Aloe, a polyphenolic anthranoid-containing Aloe vera leaves, is a Chinese medicine and a popular dietary supplement worldwide. In in vivo situations, polyphenolic anthranoids are extensively broken down into glucuronides and sulfate metabolites by the gut and the liver. The anti-inflammatory potential of aloe metabolites has not been examined. The aim of this study was to investigate the anti-inflammatory effects of aloe metabolites from in vitro (lipopolysaccharides (LPS)-Activated RAW264.7 macrophages) and ex vivo (LPS-Activated peritoneal macrophages) to in vivo (LPS-induced septic mice). The production of proinflammatory cytokines (TNF-α and IL-12) and NO was determined by ELISA and Griess reagents, respectively. The expression levels of iNOS and MAPKs were analyzed by Western blot. Our results showed that aloe metabolites inhibited the expression of iNOS, decreased the production of TNF-α, IL-12, and NO, and suppressed the phosphorylation of MAPKs by LPS-Activated RAW264.7 macrophages. In addition, aloe metabolites reduced the production of NO, TNF-α and IL-12 by murine peritoneal macrophages. Furthermore, aloe administration significantly reduced the NO level and exhibited protective effects against sepsis-related death in LPS-induced septic mice. These results suggest that aloe metabolites exerted anti-inflammatory effects in vivo, and that these effects were associated with the inhibition of inflammatory mediators. Therefore, aloe could be considered an effective therapeutic agent for the treatment of sepsis.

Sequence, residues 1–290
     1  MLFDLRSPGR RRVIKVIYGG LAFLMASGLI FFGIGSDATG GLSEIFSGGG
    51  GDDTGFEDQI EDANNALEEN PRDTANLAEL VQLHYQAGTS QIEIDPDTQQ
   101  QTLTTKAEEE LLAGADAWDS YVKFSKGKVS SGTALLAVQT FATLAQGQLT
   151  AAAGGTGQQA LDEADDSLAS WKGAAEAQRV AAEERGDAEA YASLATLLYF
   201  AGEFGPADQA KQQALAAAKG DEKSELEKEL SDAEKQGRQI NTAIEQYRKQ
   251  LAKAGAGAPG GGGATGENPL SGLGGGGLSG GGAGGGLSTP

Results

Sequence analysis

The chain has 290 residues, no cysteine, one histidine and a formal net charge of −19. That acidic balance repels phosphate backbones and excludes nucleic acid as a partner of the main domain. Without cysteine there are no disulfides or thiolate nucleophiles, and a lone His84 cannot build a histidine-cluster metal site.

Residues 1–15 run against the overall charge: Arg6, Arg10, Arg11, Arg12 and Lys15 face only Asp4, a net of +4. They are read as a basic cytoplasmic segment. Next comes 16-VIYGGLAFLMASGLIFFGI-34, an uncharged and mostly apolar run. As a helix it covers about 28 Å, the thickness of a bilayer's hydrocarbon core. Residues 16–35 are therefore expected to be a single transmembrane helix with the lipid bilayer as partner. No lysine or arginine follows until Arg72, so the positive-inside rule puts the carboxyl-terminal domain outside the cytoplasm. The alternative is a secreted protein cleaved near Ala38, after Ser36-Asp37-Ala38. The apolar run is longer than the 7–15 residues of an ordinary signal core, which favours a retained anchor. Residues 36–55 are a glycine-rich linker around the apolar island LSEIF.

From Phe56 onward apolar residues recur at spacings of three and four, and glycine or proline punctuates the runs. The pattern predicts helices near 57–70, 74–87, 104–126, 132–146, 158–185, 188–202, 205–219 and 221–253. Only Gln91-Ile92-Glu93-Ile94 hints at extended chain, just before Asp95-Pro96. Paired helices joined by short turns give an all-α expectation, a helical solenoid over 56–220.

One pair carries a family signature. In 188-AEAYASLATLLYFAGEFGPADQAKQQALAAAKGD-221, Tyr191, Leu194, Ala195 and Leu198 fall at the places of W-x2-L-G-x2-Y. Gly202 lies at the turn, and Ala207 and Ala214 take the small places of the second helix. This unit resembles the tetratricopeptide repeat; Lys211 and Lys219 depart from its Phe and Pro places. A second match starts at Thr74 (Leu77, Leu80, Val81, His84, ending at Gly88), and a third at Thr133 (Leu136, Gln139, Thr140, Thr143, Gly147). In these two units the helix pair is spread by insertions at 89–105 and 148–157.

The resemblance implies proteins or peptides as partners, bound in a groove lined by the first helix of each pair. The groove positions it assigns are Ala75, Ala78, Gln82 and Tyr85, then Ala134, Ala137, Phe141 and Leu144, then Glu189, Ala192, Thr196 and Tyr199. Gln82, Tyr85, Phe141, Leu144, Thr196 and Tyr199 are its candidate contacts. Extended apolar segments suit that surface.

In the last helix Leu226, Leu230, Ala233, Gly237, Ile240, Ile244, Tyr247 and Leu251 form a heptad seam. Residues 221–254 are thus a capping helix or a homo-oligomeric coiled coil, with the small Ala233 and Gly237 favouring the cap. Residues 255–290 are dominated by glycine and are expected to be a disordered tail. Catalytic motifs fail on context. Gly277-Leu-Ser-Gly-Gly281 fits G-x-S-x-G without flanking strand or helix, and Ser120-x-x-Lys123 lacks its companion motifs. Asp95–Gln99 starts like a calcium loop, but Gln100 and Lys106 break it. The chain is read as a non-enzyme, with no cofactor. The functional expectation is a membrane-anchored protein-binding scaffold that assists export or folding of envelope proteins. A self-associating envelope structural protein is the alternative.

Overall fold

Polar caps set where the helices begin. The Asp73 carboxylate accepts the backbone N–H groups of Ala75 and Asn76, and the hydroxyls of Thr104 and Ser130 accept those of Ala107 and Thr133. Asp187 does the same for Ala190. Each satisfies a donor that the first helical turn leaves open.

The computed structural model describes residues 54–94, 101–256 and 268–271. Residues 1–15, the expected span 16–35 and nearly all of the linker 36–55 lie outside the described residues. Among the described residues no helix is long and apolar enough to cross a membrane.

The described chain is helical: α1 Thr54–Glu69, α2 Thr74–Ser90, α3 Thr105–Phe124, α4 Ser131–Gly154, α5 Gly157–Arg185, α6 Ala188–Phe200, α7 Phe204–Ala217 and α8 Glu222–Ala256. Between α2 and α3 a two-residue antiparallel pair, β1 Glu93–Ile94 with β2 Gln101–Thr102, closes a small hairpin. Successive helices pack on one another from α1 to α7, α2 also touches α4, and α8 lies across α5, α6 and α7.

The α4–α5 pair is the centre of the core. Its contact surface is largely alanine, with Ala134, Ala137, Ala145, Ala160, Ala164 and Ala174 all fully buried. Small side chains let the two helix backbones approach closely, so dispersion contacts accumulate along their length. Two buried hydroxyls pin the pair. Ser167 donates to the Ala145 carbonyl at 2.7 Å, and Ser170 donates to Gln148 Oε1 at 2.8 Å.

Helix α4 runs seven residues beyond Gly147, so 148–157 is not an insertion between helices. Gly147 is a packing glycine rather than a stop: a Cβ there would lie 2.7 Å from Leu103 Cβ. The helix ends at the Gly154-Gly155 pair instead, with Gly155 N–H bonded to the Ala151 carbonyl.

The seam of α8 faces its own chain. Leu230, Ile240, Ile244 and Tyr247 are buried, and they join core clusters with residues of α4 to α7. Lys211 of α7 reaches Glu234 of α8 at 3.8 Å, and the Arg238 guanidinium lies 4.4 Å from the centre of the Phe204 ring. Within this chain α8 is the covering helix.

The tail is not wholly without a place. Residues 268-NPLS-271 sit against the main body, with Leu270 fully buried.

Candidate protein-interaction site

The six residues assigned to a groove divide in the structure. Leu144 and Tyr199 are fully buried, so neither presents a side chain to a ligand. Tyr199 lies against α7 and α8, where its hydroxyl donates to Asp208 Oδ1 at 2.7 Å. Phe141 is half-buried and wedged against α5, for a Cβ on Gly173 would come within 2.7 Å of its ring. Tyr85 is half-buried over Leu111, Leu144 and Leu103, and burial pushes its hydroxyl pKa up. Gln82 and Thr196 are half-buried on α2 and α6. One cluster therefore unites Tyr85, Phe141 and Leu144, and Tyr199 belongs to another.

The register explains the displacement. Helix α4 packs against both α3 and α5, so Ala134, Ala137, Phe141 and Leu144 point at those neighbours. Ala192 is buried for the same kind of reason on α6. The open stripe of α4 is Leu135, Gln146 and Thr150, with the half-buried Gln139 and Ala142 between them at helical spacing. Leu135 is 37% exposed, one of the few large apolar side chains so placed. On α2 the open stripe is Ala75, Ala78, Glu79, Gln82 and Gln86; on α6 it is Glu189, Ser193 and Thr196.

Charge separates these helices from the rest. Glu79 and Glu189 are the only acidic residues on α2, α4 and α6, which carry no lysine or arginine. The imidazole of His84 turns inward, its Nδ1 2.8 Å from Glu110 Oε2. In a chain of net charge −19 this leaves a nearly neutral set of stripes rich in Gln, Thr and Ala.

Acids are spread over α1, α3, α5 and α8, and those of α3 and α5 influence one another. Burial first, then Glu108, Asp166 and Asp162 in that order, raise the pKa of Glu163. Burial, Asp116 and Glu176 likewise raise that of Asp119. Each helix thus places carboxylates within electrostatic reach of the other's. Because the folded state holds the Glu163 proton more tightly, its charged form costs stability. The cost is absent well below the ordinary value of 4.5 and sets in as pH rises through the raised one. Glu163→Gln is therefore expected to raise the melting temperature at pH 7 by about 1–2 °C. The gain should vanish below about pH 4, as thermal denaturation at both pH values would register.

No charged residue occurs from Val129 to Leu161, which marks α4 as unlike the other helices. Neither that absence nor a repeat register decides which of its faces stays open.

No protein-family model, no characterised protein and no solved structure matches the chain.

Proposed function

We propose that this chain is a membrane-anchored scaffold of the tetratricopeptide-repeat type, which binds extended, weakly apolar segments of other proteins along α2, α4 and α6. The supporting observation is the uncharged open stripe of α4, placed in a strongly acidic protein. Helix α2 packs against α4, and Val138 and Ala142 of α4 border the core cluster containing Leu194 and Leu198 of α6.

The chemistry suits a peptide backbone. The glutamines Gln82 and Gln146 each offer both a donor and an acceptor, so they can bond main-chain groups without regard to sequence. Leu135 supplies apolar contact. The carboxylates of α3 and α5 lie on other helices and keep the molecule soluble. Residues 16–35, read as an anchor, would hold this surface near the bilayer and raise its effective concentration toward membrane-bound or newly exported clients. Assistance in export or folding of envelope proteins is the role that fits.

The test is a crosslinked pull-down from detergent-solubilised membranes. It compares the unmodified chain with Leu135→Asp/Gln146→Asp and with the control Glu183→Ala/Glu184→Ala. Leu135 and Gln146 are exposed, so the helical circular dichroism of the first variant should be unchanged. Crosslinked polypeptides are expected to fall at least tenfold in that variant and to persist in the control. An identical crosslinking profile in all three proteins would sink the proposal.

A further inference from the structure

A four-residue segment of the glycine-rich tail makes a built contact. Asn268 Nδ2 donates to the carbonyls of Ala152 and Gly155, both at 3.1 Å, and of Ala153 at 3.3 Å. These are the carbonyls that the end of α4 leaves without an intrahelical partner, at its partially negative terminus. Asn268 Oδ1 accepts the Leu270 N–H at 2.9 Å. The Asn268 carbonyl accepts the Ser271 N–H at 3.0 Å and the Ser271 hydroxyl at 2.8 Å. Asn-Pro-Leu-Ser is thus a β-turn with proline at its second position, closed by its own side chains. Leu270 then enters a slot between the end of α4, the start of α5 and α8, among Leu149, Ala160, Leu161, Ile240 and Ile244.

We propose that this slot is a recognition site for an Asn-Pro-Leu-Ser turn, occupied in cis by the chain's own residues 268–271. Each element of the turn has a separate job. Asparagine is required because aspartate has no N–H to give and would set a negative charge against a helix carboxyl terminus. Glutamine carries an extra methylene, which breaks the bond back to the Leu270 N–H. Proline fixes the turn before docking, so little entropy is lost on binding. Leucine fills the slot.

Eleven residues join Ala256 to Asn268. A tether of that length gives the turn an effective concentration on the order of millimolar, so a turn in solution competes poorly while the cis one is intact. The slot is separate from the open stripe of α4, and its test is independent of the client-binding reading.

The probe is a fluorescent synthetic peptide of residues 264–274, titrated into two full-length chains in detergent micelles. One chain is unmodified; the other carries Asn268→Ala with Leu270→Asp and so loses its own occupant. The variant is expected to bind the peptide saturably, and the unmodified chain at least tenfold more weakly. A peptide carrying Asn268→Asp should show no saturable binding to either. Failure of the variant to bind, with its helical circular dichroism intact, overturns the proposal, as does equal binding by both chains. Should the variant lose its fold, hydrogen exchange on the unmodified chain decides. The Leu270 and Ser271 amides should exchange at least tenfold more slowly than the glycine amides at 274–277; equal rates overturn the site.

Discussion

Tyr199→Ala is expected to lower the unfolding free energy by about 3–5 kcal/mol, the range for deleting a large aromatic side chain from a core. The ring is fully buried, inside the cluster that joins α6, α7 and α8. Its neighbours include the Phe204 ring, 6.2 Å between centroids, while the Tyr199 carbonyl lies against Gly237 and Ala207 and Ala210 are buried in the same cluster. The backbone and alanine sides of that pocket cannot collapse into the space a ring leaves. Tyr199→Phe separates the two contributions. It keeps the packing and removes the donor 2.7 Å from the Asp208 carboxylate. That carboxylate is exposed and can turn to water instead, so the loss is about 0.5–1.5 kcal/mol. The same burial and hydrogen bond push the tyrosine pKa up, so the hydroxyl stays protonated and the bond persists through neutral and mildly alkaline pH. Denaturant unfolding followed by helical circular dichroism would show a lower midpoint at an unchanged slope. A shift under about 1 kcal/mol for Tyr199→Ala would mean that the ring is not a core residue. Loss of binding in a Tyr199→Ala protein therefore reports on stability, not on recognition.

- Aloe Metabolites
ASJC Scopus subject areas
- Complementary and alternative medicine